We bring you 8 references of the emblematic French spirit pastis for the summer. Discover these references from all over France.


But first, what is pastis?

Some of you may be wondering what pastis is. If you’re familiar with anisette… well, look no further. Pastis is a traditionally French anise-based spirit and aperitif and generally contains between 40-45% alcohol by volume. It basically comes after the prohibition of absinthe in 1915. A recipe that originated from the free course to the imagination of the distillers until 1939, when the production of alcohol-based aperitif is prohibited to value the wine-based aperitifs and the wine-growing subsidiary.

Around 1951, the production of pastis regained its freedom and could be produced on condition that it was made by professionals, traders registered as such.


Eight pastis for the summer

In no particular order of preference, here are eight pastis references.


1. Henri Bardouin

A pastis with a complex nose with cardamom, white pepper, malagueta and nutmeg. These elements come together to highlight the powerful aniseed aromas. The palate is round and almost gourmand.


2. Ricard Plantes Fraîches

A pastis made from fresh plants, which are distilled the same day they are grown. Vegetal, with aromas of verbena, mint and green anise. A licorice finish accentuates this pastis which is drier than Ricard’s reference.


3. Pastis 12/12

A pastis created with plants from the Gulf of Saint-Tropez, associated with sweet almond. We are talking about a very perfumed pastis that evokes myrtle and thyme, orange blossom and fig. A slightly acidic finish. The almond returns to evoke the mauresque.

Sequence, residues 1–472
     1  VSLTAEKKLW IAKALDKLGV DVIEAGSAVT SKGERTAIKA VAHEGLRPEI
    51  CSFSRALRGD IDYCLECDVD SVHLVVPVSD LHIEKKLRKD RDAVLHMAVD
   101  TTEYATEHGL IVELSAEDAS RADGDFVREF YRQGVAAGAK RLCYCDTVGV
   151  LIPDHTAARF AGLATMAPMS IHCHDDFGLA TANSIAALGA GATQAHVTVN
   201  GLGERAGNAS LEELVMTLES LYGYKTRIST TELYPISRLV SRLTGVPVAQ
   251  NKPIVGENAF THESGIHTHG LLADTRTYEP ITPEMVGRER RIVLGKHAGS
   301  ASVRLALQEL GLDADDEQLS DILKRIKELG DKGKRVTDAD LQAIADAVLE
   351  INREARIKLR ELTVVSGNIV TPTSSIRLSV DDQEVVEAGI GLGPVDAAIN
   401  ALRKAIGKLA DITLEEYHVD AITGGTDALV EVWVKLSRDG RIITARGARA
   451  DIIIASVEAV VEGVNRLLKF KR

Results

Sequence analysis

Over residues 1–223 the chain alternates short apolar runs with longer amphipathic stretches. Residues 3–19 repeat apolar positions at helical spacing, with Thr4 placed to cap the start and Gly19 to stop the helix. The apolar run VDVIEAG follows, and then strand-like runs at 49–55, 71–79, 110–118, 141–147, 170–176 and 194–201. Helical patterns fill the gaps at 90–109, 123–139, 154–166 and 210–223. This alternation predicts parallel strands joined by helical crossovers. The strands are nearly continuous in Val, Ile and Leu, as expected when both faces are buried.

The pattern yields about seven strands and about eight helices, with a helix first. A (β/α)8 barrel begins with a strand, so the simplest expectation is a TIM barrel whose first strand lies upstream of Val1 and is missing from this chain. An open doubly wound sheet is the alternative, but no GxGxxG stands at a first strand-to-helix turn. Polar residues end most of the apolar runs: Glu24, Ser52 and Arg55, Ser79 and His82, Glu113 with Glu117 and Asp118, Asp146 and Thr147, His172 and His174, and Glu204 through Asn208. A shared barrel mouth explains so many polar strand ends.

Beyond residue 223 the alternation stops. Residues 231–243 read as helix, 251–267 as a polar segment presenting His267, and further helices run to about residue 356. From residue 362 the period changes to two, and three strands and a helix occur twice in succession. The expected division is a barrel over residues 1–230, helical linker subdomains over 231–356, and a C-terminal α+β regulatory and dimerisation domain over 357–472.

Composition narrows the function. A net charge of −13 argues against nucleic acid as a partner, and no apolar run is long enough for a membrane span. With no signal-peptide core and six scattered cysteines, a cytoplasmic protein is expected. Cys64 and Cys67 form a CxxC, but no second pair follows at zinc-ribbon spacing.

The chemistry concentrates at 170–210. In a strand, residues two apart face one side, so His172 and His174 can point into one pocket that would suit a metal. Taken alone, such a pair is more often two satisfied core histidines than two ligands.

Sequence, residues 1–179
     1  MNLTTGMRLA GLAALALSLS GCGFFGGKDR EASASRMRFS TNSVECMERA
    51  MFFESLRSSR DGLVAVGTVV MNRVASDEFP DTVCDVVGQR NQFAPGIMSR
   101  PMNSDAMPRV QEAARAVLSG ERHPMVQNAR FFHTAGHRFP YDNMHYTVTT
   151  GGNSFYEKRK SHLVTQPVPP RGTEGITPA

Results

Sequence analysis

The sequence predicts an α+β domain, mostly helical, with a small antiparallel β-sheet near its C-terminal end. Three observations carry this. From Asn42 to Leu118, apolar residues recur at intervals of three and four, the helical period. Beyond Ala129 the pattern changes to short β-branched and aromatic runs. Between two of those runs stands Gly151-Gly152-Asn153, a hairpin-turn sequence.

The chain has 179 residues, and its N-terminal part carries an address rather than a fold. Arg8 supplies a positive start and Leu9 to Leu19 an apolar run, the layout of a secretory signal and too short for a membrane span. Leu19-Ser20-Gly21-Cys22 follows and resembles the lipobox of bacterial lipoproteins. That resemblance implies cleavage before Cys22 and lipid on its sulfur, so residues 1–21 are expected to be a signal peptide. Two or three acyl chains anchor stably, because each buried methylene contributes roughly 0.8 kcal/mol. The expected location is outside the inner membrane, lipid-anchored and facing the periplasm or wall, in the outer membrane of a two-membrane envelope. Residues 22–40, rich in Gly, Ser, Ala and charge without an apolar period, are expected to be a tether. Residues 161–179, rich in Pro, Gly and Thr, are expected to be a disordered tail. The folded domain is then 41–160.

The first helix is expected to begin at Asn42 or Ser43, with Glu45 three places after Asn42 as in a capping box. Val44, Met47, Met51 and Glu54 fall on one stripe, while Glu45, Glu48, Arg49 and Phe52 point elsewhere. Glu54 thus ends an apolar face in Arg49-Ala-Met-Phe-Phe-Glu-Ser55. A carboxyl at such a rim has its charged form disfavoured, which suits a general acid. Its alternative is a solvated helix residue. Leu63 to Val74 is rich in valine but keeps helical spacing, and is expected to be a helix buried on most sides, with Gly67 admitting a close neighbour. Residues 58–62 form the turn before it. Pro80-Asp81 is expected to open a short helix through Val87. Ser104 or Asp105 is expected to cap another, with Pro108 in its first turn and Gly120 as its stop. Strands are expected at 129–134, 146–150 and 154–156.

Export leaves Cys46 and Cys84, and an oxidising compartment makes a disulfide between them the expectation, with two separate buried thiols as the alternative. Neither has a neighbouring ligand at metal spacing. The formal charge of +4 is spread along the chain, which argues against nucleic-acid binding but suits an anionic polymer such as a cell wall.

4. Pastis des Terres rouges

Terres rouges comes from Corrèze, a department of France in the Nouvelle-Aquitaine region in the center-south of the country where the distillery of the same name is located. Intense notes of fennel, badian and cardamom form a very green aromatic bouquet without being herbal. Fatty anise marks the palate, with notes of lemon balm and a hint of cumin.


5. P’tit Bleu

Deep blue in color, P’tit Bleu evokes the intense blue coves of Marseille, where it comes from and is a worthy reference for summer pastis. They use aniseed, either star anise or green anise, and the licorice flavor is very present. It is a very classic and refreshing recipe. It is recommended to dilute it in 8 to 10 volumes of fresh water and add ice.


6. Barjò

A pastis that brings together 35 botanical herbs and spices, created by Charles-Guillaume Simon in Mersault. Barjò is marked by anise, badian and licorice. Complex because of the plants infused and distilled in the artisanal distillery.


7. Pastis Combier

Produced by the Distillerie de Saumur who have been producing this very sweet pastis since 1996, marked by star anise. It has about 15 plants and spices, making it a deep and rich pastis, very round in the mouth. We detect licorice, cardamom with notes of pepper. In the mouth it is fine and covers the palate, without anesthetizing it.


8. Pastis Manguin

At La Maison Manguin they elaborate an original pastis beyond their fruit brandies. We find in its composition a touch of eau-de-vie of Williams pears that soften the mixture of spices and plants.


Don’t drink and drive. Enjoy responsibly.


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